House committee approves bill targeting student press rights

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(Source: 3TV/CBS 5) (Source: 3TV/CBS 5)

High school and college-level journalists across Arizona could soon see further protections from censorship by administrators for work under their school-sponsored media.

The House Education Committee approved a proposal by Sen. Kimberly Yee, R-Phoenix, on Monday that she says promotes freedom of speech and the press for students who contribute to their school's publications. The Senate unanimously approved the measure last month.

The Senate majority leader's fight for broader protections for student journalists dates all the way back to her senior year at Greenway High School in 1992. It was then that she testified before an Arizona Senate committee in support of a similar measure that also would have increased press freedom protections for student journalists at all academic levels.

Yee, who was a student journalist and cartoonist herself, recalled seeing administrators repeatedly censor the school's paper. The 1992 bill never passed, and other attempts in previous years failed as well.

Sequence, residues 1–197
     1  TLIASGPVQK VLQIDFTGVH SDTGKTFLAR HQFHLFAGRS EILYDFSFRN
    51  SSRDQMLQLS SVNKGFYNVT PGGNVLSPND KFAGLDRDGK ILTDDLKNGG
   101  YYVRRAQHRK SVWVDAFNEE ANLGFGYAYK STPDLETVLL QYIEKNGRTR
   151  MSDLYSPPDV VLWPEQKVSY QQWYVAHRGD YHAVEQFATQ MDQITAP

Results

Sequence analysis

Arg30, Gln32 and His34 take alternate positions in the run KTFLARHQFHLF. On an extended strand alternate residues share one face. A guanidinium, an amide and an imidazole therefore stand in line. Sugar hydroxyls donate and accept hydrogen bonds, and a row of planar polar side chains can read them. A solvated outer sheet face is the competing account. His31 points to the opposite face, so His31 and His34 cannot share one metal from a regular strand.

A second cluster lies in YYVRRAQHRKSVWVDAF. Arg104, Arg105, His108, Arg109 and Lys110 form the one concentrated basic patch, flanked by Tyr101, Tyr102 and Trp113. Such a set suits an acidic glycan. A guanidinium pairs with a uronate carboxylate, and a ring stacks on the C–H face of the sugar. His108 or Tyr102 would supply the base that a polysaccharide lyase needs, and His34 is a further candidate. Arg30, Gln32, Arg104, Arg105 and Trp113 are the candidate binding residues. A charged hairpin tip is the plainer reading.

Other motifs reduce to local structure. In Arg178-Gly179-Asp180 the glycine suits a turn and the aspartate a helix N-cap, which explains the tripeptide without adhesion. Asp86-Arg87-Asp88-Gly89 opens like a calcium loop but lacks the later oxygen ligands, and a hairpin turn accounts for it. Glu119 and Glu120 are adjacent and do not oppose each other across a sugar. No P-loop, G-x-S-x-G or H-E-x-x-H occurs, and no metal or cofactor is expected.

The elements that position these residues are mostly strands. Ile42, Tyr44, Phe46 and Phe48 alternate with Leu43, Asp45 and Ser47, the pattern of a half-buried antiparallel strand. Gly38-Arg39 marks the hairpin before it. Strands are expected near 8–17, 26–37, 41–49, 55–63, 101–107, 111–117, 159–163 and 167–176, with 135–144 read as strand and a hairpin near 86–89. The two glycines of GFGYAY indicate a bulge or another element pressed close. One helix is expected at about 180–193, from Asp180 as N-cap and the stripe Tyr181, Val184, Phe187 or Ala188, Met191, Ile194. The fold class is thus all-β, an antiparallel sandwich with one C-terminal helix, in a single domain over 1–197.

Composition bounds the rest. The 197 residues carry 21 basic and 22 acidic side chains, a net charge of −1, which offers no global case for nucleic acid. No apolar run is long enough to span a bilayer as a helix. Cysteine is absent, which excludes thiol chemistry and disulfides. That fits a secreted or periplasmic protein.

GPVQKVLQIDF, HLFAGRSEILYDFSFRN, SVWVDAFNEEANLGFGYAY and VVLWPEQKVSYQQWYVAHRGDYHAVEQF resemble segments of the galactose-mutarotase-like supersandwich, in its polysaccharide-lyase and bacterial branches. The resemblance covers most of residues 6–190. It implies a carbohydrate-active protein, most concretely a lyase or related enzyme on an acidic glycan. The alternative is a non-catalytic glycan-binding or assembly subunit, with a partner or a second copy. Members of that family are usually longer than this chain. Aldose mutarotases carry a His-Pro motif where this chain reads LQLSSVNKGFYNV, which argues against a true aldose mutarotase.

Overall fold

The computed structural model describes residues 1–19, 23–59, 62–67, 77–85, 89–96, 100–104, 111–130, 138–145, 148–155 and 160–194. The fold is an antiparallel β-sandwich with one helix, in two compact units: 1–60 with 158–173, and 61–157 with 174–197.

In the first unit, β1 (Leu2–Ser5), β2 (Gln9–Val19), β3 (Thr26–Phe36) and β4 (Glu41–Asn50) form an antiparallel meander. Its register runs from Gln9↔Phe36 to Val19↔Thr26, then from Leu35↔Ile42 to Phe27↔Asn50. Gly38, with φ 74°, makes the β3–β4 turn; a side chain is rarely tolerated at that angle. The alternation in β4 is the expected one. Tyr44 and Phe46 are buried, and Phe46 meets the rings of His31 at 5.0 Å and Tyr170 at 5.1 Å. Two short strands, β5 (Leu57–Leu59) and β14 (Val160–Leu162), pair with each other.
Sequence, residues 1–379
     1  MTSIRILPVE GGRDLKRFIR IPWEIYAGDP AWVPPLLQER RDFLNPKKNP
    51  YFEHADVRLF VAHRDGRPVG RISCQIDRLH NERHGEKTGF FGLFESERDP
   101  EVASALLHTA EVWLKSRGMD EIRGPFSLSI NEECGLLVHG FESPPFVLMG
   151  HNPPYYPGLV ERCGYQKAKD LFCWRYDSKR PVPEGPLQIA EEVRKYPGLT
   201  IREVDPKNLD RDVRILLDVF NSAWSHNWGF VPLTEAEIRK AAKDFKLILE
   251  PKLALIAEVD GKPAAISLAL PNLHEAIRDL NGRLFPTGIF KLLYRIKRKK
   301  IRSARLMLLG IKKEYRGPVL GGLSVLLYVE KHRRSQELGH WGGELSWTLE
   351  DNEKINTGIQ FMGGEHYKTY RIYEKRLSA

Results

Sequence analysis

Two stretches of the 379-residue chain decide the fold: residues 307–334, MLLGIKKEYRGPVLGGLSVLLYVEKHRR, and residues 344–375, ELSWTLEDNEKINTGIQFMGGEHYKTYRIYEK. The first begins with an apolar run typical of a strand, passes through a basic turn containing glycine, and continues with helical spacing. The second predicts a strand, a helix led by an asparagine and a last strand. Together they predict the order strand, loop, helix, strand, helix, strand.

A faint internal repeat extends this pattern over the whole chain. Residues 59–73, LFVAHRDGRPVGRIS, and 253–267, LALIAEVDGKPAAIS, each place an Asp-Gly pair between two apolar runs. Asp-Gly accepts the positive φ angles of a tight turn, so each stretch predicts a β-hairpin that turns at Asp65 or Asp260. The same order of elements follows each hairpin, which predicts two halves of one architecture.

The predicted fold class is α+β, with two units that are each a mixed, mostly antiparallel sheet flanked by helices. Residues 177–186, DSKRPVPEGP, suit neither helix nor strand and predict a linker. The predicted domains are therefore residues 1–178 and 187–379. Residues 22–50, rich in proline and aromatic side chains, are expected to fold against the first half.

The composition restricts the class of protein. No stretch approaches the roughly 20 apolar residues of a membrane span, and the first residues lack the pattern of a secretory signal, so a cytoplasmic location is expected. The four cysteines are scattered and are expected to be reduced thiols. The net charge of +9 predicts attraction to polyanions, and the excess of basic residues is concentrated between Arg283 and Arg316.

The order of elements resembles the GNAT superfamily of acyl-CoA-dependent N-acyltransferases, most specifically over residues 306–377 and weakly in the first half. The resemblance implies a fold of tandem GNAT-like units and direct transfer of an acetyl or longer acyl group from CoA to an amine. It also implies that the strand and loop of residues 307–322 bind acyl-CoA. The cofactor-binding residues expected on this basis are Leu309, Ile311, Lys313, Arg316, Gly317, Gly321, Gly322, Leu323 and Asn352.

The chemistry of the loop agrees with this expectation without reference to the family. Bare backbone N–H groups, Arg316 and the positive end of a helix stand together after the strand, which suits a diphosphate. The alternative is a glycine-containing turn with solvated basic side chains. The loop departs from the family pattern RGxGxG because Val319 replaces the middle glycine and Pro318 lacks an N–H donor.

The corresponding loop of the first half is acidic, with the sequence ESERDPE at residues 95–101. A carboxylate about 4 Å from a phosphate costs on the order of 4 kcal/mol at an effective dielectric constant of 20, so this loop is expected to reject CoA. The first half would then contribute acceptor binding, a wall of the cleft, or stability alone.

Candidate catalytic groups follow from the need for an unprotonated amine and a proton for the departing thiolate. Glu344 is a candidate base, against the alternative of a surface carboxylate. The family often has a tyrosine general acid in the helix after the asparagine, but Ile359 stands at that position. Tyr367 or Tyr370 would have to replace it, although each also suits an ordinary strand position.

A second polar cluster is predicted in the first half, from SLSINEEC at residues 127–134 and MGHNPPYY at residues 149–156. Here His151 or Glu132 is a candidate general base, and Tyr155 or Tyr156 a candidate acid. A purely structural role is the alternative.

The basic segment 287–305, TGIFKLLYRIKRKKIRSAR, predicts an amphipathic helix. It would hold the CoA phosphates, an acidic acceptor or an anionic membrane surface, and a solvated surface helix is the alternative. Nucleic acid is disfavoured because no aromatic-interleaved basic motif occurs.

"It's taken 25 years, but student free press has been around for longer than that," Yee said. "To see 30-0 unanimous Senate support, bipartisan-it really was moving."

Senate Bill 1384 directs each school district, charter school, community college and university to create a written policy containing standards or guidelines for its school-sponsored media. But the bill limits the guidelines' restrictions to content that is libelous, invades personal privacy, violates federal or state law, or "materially and substantially disrupts the orderly operation" of their school.

The measure would also prohibit discipline against students or student media advisers who exercise their speech or press freedoms.

Rep. David Stringer, R-Prescott, said he thinks the legislation should not include the protection of student media advisers or high schools at all.

"I think it's pretty common knowledge that in many of our schools there's a strong liberal bias," Stringer said. "And I can foresee the unintended consequence of protecting faculty members who are influencing the students or perhaps expressing their own views and biases using public resources to propagandize their own liberal views through what purport to be student publications."

Henry Gorton, a student journalist at Sunnyslope High School in Glendale, said the legislation would protect students' ability to fully participate as reporters.

"It is our responsibility as student journalists to pursue the truth and to take a close and investigative look at challenging issues," Gorton said. "Unfortunately, challenging issues may be unpalatable to our administrators, and they may seek to avoid them and to limit our ability to bring important issues and discussions to the student body - and that limits our influence and our meaning as a newspaper."

The legislation awaits full consideration in the House.

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